Draft NATO communique describes Ukraine’s path to NATO as irreversible, sources say

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Ukraine’s path to joining NATO was described as “irreversible” in a draft text of the alliance’s joint communique, three sources familiar told CNN Monday.

How strong of a guarantee to provide to Ukraine about its future membership to NATO has been a key source of debate between the 32 members of the alliance ahead of this week’s summit in Washington, CNN previously reported. The draft could change before the final version, but the presence of the “irreversible” language would be a significant signal to Kyiv and Moscow as the war in Ukraine continues with little sign of an end.

One of the sources, a US official, said the White House supports the use of the word in the final communique as long as the document also reaffirms that Ukraine’s work on democratic reforms must continue. The official said the final version is expected to contain that language.

While many Europeans have emphasized the need for strong language around Ukraine’s eventual future in the alliance, US and German officials had proposed describing a “bridge” to NATO membership for Ukraine.

However, officials have also stressed the importance of “tangible measures,” in the words of a European diplomat, to support Kyiv’s ongoing fight against Russia. Ruslan Stefanchuk, the chair of Ukraine’s parliament, said at an event Monday that it’s not just about language, but it’s about actually bringing Ukraine closer to NATO.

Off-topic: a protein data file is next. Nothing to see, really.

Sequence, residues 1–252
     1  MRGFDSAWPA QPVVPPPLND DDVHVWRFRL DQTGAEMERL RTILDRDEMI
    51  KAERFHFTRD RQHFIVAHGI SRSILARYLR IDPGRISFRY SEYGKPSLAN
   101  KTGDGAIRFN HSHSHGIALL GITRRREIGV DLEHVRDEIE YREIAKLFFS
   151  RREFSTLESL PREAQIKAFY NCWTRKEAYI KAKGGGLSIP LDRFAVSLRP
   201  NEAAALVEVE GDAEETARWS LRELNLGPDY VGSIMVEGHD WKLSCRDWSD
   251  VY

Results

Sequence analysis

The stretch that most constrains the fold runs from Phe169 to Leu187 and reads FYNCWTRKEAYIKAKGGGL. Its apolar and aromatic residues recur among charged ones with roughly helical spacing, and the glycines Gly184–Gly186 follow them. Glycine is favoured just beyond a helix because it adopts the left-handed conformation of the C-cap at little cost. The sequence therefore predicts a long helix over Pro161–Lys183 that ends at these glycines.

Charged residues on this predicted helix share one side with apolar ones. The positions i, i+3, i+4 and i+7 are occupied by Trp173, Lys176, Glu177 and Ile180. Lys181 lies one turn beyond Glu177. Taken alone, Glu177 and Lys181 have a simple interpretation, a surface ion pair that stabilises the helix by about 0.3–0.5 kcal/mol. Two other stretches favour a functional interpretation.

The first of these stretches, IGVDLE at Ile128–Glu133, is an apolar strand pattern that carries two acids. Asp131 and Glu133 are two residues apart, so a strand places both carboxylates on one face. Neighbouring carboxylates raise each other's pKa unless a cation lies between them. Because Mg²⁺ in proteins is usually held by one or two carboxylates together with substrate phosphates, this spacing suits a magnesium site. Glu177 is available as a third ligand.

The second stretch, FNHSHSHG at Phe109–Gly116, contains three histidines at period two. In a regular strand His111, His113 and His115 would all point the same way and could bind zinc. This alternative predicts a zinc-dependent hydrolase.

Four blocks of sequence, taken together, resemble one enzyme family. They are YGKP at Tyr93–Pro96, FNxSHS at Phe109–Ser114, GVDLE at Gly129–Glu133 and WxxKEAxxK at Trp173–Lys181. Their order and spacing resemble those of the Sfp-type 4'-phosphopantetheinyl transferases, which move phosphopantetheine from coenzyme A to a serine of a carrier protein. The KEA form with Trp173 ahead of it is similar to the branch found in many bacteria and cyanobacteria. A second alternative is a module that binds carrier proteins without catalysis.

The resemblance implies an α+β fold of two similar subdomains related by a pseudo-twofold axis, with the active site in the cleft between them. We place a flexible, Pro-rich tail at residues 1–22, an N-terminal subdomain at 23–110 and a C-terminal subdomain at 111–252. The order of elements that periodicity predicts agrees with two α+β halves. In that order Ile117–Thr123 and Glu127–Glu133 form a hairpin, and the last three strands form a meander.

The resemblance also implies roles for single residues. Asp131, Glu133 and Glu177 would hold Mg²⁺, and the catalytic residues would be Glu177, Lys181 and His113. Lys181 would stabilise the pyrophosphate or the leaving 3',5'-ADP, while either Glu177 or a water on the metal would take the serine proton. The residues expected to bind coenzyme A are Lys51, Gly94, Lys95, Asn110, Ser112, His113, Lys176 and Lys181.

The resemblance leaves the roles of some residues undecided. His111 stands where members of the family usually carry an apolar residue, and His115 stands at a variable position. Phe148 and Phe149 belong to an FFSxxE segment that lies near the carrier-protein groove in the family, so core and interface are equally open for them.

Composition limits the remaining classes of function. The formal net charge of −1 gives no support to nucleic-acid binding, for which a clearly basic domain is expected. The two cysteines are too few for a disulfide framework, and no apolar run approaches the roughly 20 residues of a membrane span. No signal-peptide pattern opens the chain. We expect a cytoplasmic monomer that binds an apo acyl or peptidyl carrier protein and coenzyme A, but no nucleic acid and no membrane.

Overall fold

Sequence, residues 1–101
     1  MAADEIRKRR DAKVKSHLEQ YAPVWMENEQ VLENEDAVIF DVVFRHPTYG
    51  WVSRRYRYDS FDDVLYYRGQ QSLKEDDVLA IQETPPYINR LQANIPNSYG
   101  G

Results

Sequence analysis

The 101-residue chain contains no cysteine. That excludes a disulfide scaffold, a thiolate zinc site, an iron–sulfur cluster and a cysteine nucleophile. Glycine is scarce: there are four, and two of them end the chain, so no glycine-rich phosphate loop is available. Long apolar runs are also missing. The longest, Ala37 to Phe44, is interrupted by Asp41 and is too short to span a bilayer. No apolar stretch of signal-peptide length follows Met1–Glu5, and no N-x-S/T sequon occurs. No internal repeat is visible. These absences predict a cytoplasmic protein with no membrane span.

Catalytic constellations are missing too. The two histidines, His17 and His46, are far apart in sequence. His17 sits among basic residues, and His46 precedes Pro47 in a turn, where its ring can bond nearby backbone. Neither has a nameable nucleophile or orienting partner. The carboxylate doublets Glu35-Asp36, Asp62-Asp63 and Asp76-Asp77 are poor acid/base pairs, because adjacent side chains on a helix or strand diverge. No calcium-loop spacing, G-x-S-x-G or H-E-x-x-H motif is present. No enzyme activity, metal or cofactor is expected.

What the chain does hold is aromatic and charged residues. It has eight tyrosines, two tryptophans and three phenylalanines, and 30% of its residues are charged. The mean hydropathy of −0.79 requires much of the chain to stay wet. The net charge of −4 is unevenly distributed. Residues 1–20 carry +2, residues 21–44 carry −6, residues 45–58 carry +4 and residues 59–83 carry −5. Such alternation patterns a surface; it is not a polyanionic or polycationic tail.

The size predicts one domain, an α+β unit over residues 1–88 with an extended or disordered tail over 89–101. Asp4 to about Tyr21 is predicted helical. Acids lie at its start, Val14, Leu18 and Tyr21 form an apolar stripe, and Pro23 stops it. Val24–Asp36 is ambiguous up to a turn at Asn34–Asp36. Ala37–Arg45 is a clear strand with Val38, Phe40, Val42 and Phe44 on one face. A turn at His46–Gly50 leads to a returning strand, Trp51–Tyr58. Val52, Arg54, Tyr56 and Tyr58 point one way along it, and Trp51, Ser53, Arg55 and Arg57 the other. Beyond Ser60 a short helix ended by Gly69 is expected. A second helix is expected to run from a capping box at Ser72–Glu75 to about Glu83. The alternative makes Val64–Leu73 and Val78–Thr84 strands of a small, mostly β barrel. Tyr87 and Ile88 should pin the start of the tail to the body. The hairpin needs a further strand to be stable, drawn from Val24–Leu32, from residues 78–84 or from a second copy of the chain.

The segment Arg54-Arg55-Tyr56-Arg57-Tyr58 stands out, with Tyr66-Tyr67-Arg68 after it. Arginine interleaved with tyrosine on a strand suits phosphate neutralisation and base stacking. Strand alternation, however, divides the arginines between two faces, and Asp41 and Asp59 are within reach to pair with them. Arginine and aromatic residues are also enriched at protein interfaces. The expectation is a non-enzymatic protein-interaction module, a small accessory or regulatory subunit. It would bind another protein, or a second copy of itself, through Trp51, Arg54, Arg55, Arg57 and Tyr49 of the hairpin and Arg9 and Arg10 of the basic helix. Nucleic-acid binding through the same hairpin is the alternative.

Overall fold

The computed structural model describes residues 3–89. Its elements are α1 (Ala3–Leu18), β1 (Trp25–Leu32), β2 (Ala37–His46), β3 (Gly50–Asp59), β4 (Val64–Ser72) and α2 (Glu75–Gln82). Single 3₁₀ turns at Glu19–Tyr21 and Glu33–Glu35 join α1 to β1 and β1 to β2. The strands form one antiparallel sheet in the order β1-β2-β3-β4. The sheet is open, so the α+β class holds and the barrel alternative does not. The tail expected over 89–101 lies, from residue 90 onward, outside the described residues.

A US senior administration official said Friday that the alliance will make “significant new announcements about how we’re increasing NATO’s military, political and financial support for Ukraine” as part of Kyiv’s “bridge to NATO.”

US officials on Monday publicly declined to discuss specifics of the joint communique ahead of the summit, which kicks off on Tuesday.

“There is rightly considerable focus on what Allies will say about Ukraine’s membership path in the summit declaration. The language will be clear and forceful. It will recognize Ukraine’s vital ongoing reform efforts and demonstrate Allied support for Ukraine on its path to NATO membership,” Michael Carpenter, the senior advisor for Europe at the National Security Council, said at a briefing Monday.

The senior administration official said Friday that what they “described in terms of the bridge to membership and the deliverables that NATO will be unveiling for Ukraine is quite substantial.”

“We’re not talking about some sort of plan for how they’re going to get from here to there. We’re talking about standing up an entire command at Wiesbaden, and we’ll look at how we do these various pieces that I mentioned earlier – training, coordination, equipping, coordination, logistics, force development. This is a very serious effort to get Ukraine in a position, as I said earlier, where it will be ready to assume its roles and responsibilities within the alliance on day one,” the official said.

“I’ll let the Ukrainians speak for themselves, but I think they understand the value of what NATO will be doing for that,” they said.

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